Coding for Reimbursement Frequently Asked Questions: Audiology
Where can audiologists obtain a complete listing of codes, both procedure and diagnostic?
ASHA's "Health Plan Coding and Claims Guide" provides resources on coding, billing, appeals, denials, and other helpful information. This guide is available through the ASHA online store or through ASHA's Product Sales at 1-888-498-6699. Ask for Item #0112486.
A list of CPT codes with short descriptors and associated fees for speech-language pathology and audiology can be found in the ASHA Medicare Fee Schedule or the Superbill for Audiology Practice [PDF]. Go to the American Medical Association's (AMA) website to order the official CPT Manual.
What is a "superbill?"
A superbill is a time efficient form to document services, fees, codes, and other information required by health plans. Models are available for download by selecting Superbill for Audiology Practice [PDF].
What is a CMS 1500 form?
Non-institutional providers and suppliers use the CMS 1500 form to bill Medicare Part B services, Medicaid, and private health plans. To print black and white copies [PDF], contact the Centers for Medicare and Medicaid Services (CMS) through their website at or your local Medicare carrier.
What are place of service codes and where can audiologists obtain a complete listing of them, with descriptions?
Place of service codes are used on claims to specify the entity where service(s) were rendered. Check with individual payers (e.g., Medicare, Medicaid, private health plans) for policies regarding these codes.
You may find a comprehensive list of place of service codes, with descriptions, at the Centers for Medicare and Medicaid Services' (CMS) website.
How do I code for tinnitus assessment?
Beginning on January 1, 2005, audiologists can use 92625, Assessment of tinnitus (includes pitch, loudness matching, and masking). Audiologists are instructed not to report 92625 in conjunction with 92562 (loudness balance testing).
Can audiologists bill CPT 92543 for each caloric irrigation performed?
Yes. The CPT descriptor for this code states "per irrigation."
At one time, Medicare in error allowed 92543 to be billed only once even when multiple irrigations were performed.
What are the infant hearing testing codes?
There are a number of codes that can be used to describe early hearing detection testing to a payer. The procedure code you use depends on (a) whether you are conducting an initial infant hearing screening (limited test) or performing a more comprehensive test on the infant and (b) the testing method you use to evaluate infants.
If you test infants via auditory evoked potentials, the two codes available are:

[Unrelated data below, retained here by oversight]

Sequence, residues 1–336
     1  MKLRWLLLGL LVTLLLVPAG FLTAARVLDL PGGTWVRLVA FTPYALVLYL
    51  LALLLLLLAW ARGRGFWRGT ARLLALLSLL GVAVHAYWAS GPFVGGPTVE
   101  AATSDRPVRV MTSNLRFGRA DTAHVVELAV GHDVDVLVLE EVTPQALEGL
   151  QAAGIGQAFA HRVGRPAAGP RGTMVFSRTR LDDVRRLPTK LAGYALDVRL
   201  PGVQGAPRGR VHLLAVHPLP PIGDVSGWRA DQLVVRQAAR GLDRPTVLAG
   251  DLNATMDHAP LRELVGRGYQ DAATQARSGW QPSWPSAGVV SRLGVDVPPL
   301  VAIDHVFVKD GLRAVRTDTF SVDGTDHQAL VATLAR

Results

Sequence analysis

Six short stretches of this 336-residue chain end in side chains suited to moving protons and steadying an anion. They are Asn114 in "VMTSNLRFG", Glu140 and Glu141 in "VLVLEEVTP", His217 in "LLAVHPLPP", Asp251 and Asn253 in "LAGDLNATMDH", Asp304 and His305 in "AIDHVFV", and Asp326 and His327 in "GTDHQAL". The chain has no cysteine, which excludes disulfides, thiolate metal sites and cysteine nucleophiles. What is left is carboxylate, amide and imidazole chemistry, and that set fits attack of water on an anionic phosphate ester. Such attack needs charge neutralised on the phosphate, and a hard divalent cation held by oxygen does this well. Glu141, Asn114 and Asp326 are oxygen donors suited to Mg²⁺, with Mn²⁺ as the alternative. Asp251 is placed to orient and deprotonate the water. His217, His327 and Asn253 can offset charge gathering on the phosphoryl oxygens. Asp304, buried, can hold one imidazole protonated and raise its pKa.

92585, Auditory evoked potentials for evoked response audiometry and/or testing of the central nervous system, comprehensive
92586, Auditory evoked potentials for evoked response audiometry and/or testing of the central nervous system, limited
If you test infants via otoacoustic emissions, the codes available are:
92558, Evoked otoacoustic emissions, screening (qualitative measurement of distortion product or transient evoked otoacoustic emissions), automated analysis
92587, Distortion product evoked otoacoustic emissions, limited evaluation (to confirm the presence or absence of hearing disorder, 3–6 frequencies) or transient evoked otoacoustic emissions, with interpretation and report92588, Comprehensive or diagnostic evaluation (comparison of transient and distortion product otoacoustic emissions at multiple levels and frequencies)
92588, Distortion product evoked otoacoustic emissions, comprehensive diagnostic evaluation (quantitative analysis of outer hair cell function by cochlear mapping, minimum of 12 frequencies), with interpretation and report
For more information on the appropriate use of these OAE codes, see CPT Coding for Otoacoustic Emissions: FAQs.
How do audiologists code "normal hearing" results when performing a hearing screening or an audiological evaluation?
Medicare's policy is that you should code for the sign(s) or symptom(s) that prompted the test to be ordered. For instance, a newborn fails an infant hearing screening and is referred for follow up testing which results in normal findings. In this situation, 389.9 (Unspecified hearing loss) would be appropriate.
Private health plans often do follow Medicare policies. It is important that you check with the plan in question.
What code/s should I use for auditory processing (AP) evaluation and treatment?